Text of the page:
The first hymn book and hymn writers in America were from England.  The hymn book which landed with the Pilgrims in 1620 was Reverend Henry Ainsworth’s version of the Book of Psalms entitled The Book of Psalms: Englished both in Prose and Metre with Annotations, published in 1612 at Amsterdam.  It is considered by many to be the foundation upon which all other American hymn books stand.  Ainsworth was an English Separatist and a pastor of the English church in Amsterdam.  His version of the Psalms was used at Plymouth, Salem, and Ipswich until the mid-1600’s.  According to historians, the first book published in the new colonies in North America was a song book, The Whole Book of Psalms Faithfully Translated into English Meter, or more commonly, The Bay Psalm Book.  This “song book”, the efforts of about 40 men, was first printed in 1640 in Cambridge, Massachusetts, just 20 years after the Pilgrims’ arrival.  So church music had entered the new world, but it was not smooth sailing for hymns and songs in this new country.

Many works were published for and against this new liberty.  One by Reverend John Cotton (Grandfather of Cotton Mather), a treatise entitled Singing of Psalms a Gospel Ordinance, was produced to meet the objection then being made to a metrical version of the Psalms.  The current argument was that the word “singing” in the Scriptures meant nothing more than the attitude of thankfulness and joy in the heart.  Pastor Cotton insisted in his argument that the “singing of Psalms with a lively voice is a holy duty of God’s worship” (p 2).  Also, that “not only the Psalms of David, but any other spiritual songs recorded in Scripture may lawfully be sung in Christian Churches” (p 2).  Church records and writings show that during the latter part of the 1600’s into the early 1700’s music in our churches was almost entirely neglected.

During those early years, most of the congregations could only sing three or four tunes.  But even with so few, they brought about multiple problems. Congregational singing had become by all reports just a loud jumble of noise.  Thomas Walter, an early proponent of bringing order back into church music, was among the first who commented on the predicament with the current music issues in the churches.  In 1721, he published The Grounds and Rules of Music Explained: Or, An Introduction to the Art of Singing By Note. Fitted to the Meanest Capacities.  He noted that,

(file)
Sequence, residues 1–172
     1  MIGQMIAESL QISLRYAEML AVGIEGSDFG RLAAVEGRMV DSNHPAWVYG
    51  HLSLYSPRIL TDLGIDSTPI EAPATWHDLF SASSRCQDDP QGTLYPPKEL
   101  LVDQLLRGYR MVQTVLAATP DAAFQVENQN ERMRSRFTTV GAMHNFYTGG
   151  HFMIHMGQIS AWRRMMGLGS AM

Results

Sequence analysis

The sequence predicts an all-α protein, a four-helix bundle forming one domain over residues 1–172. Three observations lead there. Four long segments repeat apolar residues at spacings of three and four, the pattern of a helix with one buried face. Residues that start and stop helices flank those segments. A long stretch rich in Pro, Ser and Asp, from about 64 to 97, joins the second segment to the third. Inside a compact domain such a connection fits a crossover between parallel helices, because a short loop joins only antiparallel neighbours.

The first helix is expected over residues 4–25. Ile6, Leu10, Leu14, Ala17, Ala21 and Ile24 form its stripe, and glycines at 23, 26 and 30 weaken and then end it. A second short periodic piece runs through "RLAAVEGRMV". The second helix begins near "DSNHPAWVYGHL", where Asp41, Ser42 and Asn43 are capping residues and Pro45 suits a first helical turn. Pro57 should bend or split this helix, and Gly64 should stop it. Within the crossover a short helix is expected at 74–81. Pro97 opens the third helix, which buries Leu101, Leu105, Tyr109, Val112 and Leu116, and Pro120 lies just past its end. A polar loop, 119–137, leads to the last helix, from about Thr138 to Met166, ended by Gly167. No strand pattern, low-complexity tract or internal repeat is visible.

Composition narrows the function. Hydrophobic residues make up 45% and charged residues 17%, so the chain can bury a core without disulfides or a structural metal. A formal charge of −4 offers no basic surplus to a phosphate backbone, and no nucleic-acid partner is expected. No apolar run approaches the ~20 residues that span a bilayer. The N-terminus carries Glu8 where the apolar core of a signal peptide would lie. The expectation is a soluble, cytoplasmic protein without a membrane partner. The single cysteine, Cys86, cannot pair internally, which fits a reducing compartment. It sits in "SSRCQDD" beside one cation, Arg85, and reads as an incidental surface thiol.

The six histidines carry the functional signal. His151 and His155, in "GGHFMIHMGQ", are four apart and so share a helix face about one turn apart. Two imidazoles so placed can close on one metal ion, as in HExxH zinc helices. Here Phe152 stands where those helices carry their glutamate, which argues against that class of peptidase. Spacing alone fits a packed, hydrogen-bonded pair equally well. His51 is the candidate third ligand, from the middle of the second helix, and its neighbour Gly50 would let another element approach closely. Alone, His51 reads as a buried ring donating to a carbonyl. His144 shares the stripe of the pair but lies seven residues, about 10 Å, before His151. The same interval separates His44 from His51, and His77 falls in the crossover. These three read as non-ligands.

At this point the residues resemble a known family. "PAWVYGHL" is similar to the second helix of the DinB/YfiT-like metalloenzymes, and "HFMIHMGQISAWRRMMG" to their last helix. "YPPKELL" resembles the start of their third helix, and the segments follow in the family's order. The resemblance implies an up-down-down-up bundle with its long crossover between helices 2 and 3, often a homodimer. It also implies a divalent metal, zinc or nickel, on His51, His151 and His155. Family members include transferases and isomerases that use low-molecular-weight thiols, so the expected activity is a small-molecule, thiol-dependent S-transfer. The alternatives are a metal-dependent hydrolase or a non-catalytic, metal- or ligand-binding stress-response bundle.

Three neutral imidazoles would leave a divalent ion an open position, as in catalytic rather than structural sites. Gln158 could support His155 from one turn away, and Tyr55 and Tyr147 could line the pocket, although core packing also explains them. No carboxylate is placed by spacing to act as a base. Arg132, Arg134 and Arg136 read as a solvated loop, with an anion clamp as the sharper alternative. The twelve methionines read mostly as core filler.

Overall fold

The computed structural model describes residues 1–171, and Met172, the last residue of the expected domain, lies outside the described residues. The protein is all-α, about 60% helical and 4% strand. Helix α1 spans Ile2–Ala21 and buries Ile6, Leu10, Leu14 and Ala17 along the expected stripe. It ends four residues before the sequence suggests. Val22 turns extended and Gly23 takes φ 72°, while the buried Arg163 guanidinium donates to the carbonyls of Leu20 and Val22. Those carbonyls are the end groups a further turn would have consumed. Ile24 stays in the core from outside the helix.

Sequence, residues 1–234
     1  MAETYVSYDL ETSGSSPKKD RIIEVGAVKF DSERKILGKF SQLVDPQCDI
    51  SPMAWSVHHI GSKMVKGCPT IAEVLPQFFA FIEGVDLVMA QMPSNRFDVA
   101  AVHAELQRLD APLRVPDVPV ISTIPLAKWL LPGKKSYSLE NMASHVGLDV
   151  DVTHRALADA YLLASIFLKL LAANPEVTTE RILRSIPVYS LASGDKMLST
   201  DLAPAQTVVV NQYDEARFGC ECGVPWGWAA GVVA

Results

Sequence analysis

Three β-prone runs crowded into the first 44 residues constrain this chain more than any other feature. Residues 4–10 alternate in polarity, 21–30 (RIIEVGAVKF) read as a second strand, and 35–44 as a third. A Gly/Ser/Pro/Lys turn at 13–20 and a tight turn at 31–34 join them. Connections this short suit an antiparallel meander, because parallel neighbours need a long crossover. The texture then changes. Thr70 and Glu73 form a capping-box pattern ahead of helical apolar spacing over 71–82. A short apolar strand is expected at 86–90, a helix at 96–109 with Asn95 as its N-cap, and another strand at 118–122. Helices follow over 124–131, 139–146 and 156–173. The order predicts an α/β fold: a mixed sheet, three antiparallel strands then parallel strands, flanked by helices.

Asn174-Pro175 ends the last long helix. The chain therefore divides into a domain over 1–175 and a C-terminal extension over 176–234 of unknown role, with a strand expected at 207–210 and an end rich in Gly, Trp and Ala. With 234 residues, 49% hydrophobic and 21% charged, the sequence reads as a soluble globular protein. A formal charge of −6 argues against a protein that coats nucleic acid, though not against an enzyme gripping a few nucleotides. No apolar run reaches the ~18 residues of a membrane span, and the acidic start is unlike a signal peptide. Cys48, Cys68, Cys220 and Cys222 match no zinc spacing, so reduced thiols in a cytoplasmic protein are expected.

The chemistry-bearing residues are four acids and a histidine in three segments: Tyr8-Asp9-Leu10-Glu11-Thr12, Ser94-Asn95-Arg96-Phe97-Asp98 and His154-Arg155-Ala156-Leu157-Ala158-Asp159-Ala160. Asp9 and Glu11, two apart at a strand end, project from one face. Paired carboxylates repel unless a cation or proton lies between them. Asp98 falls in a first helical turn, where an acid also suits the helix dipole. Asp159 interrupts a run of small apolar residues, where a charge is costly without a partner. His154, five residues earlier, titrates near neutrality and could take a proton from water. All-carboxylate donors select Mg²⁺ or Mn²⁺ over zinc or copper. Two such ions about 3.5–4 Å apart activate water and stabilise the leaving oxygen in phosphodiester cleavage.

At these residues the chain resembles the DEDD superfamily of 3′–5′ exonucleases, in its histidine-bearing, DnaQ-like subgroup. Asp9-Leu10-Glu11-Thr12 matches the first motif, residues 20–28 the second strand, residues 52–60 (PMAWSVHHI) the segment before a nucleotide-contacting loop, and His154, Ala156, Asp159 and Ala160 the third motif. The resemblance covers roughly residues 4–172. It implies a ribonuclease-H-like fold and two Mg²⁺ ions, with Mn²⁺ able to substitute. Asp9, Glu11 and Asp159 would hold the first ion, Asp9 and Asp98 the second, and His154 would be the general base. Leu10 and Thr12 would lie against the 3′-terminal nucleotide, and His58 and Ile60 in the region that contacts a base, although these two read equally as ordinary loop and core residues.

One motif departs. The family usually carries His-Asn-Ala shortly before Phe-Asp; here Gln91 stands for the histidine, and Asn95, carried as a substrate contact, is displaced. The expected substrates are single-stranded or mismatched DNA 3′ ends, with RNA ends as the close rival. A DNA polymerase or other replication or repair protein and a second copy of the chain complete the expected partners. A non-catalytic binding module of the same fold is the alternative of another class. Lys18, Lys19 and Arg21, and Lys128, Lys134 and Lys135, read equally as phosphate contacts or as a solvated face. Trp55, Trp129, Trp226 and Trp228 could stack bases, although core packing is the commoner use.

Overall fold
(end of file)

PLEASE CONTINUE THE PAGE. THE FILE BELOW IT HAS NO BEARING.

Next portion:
“the Tunes that are already in use in our churches; which, when they first came out of the hands of the composers of them, were sung according to the Rules of the Scale of Music, but are now miserably tortured, and twisted, and quavered, in some Churches, into a horrid medley of confused and disorderly noises… Our tunes are, for want of a standard to appeal to in all our singing, left to the mercy of every unskillful throat to chop and alter, twist and change, according to their infinitely divers and no less odd humors and fancies” (p 3).  He doesn’t stop there but adds “… one man is upon this note, while another is a note before him, which produces something so hideous and disorderly, as is beyond expression bad.  …and besides, no two men in the congregation quaver alike, or together; which sounds in the ears of a good judge, like five hundred different tunes roared out at the same time…” (p 5).

In an essay written in 1720, Reverend Thomas Symmes asked some questions that are still asked today: “Where would be the Difficulty or what the Disadvantage, if People that want Skill in Singing, would procure a Skillful Person to Instruct them, and meet Two or Three Evenings in the Week, from five or six a Clock, to Eight, and spend the Time in Learning to Sing?” (The Reasonableness of Regular Singing, Boston, 1720 as quoted in Richard Crawford, America’s Musical Life, New York: W. W. Norton, 2001).

Thus, the industry was spawned.  Singers needed songs.  Songs needed writers.  Writers needed publishers. . .  And so it goes.